As early as the late 1700’s the entrepreneurial minds of politicians, settlers and businessmen saw the potential of CK’s forests. Chatham was a ship building site from the time of Lt. Governor Simcoe’s never completed navel ships through most of the 1800’s when schooners then steamers were built to service Chatham’s commercial shipping industry. Besides passengers and agricultural products such as wheat, much of what was shipped to ports on the Great Lakes and as far away as Britain, came from CK’s forests. Some examples from 1844 were: 74 barrels of potash and 48,000 ft. of walnut timber and in the first six months of
1845, 750,000 barrel staves.
Besides those in the shipping industry, lumber made many other people wealthy throughout Chatham-Kent. In the 1850’s the Ferguson family arrived from Scotland penniless.
Within a few years they had built a lumber business that became the backbone of Thamesville.
Their saw mills employed many and their clearing of the land brought farmers to the area. The family was community and politically minded, Robert Ferguson being M.P. Their bank offered loans and mortgages with unusually fair terms and their opera house served as Thamesville’s community centre for years. Today Ferguson Park and two large Victorian homes, Millsite and Tecumseh Hall (Westover Treatment Centre in 2015) stand as reminders of their contributions to Thamesville.
While it did not make them rich, farmers often took advantage of slow winter months to earn extra income by cutting wood, some floating the logs down the Thames River to Chatham.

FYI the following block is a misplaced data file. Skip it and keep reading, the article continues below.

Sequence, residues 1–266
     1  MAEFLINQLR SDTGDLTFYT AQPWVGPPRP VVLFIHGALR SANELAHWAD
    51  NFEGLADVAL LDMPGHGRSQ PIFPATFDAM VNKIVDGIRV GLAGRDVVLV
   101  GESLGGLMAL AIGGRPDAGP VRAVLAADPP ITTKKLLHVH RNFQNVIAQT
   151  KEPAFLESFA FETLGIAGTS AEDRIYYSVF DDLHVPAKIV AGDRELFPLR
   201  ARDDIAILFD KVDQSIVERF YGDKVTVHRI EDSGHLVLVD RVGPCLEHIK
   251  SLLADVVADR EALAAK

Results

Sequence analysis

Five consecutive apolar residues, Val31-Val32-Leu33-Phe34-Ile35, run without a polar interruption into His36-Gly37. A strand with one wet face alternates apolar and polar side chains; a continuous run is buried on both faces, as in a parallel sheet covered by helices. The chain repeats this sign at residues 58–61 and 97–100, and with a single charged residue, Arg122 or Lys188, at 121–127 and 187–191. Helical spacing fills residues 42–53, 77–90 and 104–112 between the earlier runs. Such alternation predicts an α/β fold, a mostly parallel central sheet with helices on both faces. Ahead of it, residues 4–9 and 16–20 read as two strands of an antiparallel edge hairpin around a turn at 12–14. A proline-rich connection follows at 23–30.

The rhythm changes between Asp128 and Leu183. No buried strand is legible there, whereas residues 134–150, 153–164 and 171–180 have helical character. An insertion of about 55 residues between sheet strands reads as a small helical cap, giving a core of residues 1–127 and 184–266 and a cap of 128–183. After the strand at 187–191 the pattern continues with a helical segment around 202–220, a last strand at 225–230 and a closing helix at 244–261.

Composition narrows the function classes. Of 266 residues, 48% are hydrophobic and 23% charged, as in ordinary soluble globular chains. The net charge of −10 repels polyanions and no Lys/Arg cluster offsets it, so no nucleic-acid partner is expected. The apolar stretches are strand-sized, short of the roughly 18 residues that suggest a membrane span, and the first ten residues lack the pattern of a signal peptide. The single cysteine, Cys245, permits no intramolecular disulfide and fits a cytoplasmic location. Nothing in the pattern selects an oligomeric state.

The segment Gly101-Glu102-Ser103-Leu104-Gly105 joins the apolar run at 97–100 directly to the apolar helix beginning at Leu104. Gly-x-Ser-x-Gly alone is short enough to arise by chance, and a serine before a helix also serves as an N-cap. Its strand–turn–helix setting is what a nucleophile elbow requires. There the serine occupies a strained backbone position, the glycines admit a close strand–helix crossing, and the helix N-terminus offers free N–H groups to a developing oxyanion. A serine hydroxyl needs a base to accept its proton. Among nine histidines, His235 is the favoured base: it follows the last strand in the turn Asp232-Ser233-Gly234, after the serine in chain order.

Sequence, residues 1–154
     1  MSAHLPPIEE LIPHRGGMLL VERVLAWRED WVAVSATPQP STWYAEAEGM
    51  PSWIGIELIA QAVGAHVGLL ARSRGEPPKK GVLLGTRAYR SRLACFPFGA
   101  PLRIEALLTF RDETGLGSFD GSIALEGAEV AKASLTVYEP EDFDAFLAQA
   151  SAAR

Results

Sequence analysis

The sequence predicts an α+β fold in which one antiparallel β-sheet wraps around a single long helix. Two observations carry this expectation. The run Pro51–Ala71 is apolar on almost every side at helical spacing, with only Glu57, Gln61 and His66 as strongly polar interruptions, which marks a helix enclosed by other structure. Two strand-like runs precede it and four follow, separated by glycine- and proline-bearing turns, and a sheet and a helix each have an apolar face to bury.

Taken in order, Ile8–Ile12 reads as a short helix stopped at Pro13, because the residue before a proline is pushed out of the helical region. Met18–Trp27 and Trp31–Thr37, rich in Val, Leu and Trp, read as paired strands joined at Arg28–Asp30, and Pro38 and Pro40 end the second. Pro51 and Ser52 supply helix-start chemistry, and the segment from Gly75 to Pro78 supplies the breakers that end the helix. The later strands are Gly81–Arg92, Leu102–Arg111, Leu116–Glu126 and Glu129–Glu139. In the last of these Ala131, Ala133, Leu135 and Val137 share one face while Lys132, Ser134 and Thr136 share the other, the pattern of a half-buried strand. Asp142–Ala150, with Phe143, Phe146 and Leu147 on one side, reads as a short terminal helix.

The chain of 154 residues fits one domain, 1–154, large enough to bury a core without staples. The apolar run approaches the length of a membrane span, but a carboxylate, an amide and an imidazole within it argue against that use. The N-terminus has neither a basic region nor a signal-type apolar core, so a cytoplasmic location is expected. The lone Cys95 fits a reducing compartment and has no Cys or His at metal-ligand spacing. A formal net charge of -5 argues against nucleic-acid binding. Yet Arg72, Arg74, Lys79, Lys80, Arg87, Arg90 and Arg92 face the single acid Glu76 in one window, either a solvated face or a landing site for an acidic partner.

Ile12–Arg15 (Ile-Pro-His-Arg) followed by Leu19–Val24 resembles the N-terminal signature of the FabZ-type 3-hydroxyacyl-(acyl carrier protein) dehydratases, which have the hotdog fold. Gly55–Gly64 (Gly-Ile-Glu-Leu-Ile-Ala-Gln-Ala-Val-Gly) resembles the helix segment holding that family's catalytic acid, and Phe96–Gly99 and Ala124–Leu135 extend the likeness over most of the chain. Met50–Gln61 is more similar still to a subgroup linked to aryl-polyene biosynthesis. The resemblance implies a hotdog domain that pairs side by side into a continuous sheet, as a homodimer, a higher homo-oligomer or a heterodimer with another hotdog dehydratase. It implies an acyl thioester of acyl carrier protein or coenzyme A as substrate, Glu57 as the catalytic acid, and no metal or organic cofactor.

In the 1850’s when the railroad arrived, cutting firewood for the steam engines provided extra revenue.
As the area progressed, CK’s forests provided material for many projects. Corduroy (log) and later plank roads were constructed over low, swampy areas. In its early days when Chatham was jokingly called “Chatham in the mud” its residents welcomed the arrival of wooden sidewalks. Even Chatham’s first sewers were boxes made of oak. As both Chatham and Canada evolved, CK continued to provide products made of wood well into the 20th century. From a simple saw mill grew the Chatham Manufacturing “Waggon Works” which
produced 3000 waggons a year, shipping them to every Canadian province and as far away as Jamaica. In addition the business shipped out 3,000,000 board feet of wood a year. In 1862 the owner Daniel Ross Van Allen exhibited at the World’s Fair in London England examples, 12 ft. By 4 ft. Of a variety of Chatham-Kent’s many species of wood. For this display he won a bronze medal, the highest prize. A large brick building on Grand Ave. east of Thames St. is all that remains today of a once thriving industry.
It would be easy to blame our predecessors for the demise of the area’s forests and no doubt some wanton destruction did occur but for most, the gifts of the forest offered survival and the chance for a decent life. Today with our knowledge of the environment we know how important trees are for our survival and it is up to us to find a balance that works for both man and nature.

SOURCES: Romantic Kent by Victor Lauriston
The Valley of the Lower Thames by Fred Coyne Hamil
When Chatham Was Woods, Reminiscences of the Pioneers by John Rhodes



5620 Tecumseh Line, Pain Court, ON

Latitude : 42.34867 Longitude : -82.35194